We routinely performed continuous video electroencephalographic (EEG) monitoring for at least 2 calendar days in all patients with a depressed mental status. We prospectively recorded the clinical indication for monitoring. EEG monitoring after 48 hours was determined by consultation between the epileptologist and intensivist.
All patients undergoing continuous EEG monitoring were evaluated with 64-channel scalp EEG recordings (Nihon Kohden or XLTEK), typically with 19 surface electrodes applied according to the International 10-20 system. EEG data were recorded referentially, filtered (1 to 70 Hz), analog to digitally converted, and stored digitally for analysis. The EEG was continuously displayed at the bedside. A physician trained in interpretation of EEG reviewed the ongoing EEG activity remotely at least 3 times each day and additionally when cued by medical staff to suspicious EEG or clinical activity.
Categorical data were compared with χ2. Two dichotomous variables were analyzed with Mantel-Haenszel estimates where appropriate. Nonnormally distributed data were compared with Mann–Whitney U or Kruskal-Wallis H as appropriate and groups are presented as median [Q1 to Q3]. Continuous data were analyzed with Student t test or analysis of variance (least significant difference technique for multiple comparisons) as appropriate. Correlations were tested with the Pearson coefficient. Logistic regression models were constructed to explore predictors of poor outcome. A forward stepwise method selected variables in descending strength of association with poor outcome (P≤0.05 to enter, P>0.1 to exit). We also constructed ordinal regression models to show the results were consistent across levels of the mRS. We considered P≤0.05 significant. Statistical calculations were made with standard commercial software (PASW Statistics Version 17; SPSS Inc, Chicago, Ill).
Funding sources had no role in the conception of the project, collection of the data, statistical analysis, or decision to submit for publication.
There were 98 patients in the sample. Demographics are shown in Table 1. There were 58 (59%) patients who did not receive either PHT or LEV prophylaxis, 12 (12) who received LEV prophylaxis, 22 (22%) who received PHT prophylaxis, and 6 (6%) who received both PHT and LEV prophylaxis. When demographic factors were compared between the groups of PHT prophylaxis, LEV prophylaxis or both PHT and LEV prophylaxis, only ICH volume was different (P=0.03). In post hoc analysis, the difference was due to differences between patients who received no AED prophylaxis and patients who received PHT (P=0.03) or PHT and LEV (P=0.03) prophylaxis.
Summary data regarding AED use are shown in Table 2. A seizure was associated with more total administration of PHT, a longer duration of PHT use, and a higher mean PHT serum-free level (P≤0.002 for all). LEV use or duration was not associated with seizures or any demographic characteristic (P>0.1 for all). Of 721 doses of LEV given, 593 (82%) were for 500 mg, typically given every 12 hours.
Other AEDs were used rarely. Six patients received gabapentin, one received oxcarbazepine (this patient had a history of epilepsy), and one received topiramate. No patient received valproate.
Seizures and EEG Monitoring
Forty-two patients (43%) had EEG monitoring (Table 2). In the 7 patients with a clinical seizure, 5 occurred on the day of ICH. One patient was found to have nonconvulsive seizures 5 days after ICH onset on EEG monitoring. (This patient was admitted with a 20-mL lobar hemorrhage, an admission Glasgow Coma Scale of 15, NIHSS of 8, and was monitored for depressed mental status after admission. Her seizures were successfully controlled with both PHT and LEV, but life support was withdrawn at the request of her family 17 days after ICH.) No patient had convulsive status epilepticus. Neither prophylactic PHT nor LEV use was associated with a reduced risk of a seizure (P>0.1). Seizures were not significantly related to any of the demographic variables in Table 1, although 3 occurred in patients with lobar hemorrhage.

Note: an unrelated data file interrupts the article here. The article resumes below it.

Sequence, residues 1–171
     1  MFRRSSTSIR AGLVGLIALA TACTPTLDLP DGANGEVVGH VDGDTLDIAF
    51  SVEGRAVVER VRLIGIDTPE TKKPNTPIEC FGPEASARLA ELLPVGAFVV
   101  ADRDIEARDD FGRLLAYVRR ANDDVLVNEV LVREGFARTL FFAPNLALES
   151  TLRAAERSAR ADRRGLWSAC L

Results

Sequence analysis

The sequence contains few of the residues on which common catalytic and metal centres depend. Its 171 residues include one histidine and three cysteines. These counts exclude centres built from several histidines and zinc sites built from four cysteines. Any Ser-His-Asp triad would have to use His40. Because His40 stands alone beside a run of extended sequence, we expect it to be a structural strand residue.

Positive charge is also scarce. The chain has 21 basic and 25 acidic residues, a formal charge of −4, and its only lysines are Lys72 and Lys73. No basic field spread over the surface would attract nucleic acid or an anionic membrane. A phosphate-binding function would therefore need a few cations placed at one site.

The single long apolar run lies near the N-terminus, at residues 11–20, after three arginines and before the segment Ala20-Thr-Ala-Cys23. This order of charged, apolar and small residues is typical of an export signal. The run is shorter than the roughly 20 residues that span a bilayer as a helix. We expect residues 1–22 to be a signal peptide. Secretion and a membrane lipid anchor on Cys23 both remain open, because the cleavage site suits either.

AED Use, Fever, Hospital Complications, and Antibiotic Use
The number of febrile days was associated with a longer duration of PHT use (Figure, P=0.03) and total administered dose (P=0.04). The number of days febrile was associated with worse NIHSS at 14 days (P=0.01), but not with mRS at 14 days, 28 days, or 3 months (P>0.1 for all). PHT use was not associated with pneumonia, bacteremia, use of an external ventricular drain, ventriculitis, deep venous thrombosis, or pulmonary embolism (P>0.1 for all). PHT prophylaxis was not associated with the dose or duration of use of antibiotics (P>0.1 for all). There was a trend toward fewer ventilator-free days (3 [0 to 14] versus 10 [2 to 14], P=0.06) in patients receiving prophylactic PHT. There were 3 adverse events prospectively recorded as related to phenytoin: one rash, one episode of hypotension with an intravenous infusion, and one new fever. LEV was not associated with fever, ventilator-free days, infectious complications, or antibiotic use (P>0.1 for all).
A craniotomy was performed in 22 (22%) patients. Craniotomy was associated with ICH location (P=0.002). Of lobar hemorrhages, 11 (28%) had a craniotomy, whereas no thalamic hemorrhage did. Craniotomy was not associated with more frequent seizures, LEV use, NIHSS at 14 days or discharge (P>0.1), or mRS at any time point (P>0.05 for all).
PHT prophylaxis was associated with worse NIHSS at 14 days or discharge (23 [9 to 42] versus 11 [4 to 23]; P=0.003). Table 3 shows the variables that were associated with functional disability at 3 months in univariate analysis. Associations with outcomes at 14 days or discharge and 28 days were similar. Seizures were not associated with outcomes (P>0.1). LEV was not associated with outcomes (P>0.1).
When a forward conditional model for poor outcome (mRS 4 to 6) at 3 months was constructed from the variables in Table 3, NIHSS on admission, age, and PHT prophylaxis entered the model in that order (Table 4). An ordinal regression model with these variables yielded similar results. Results were similar when patients with a seizure were excluded from the model. Forcing LEV into the model did not statistically significantly add (P>0.1) to the predictive value. Forcing the number of days with fever into the model was not significant (P>0.2) but attenuated the effect of PHT prophylaxis on poor outcome (OR, 5.8; 95% CI, 0.7 to 43.4; P=0.09), whereas age and NIHSS remained significant. Forcing ICH volume into the model did not statistically significantly add to it (P>0.2). NIHSS was correlated with both ICH volume (0.39, P<0.001) and intraventricular hemorrhage (0.27, P=0.008). A model of previously validated predictors of poor outcome and PHT prophylaxis is shown in Table 5.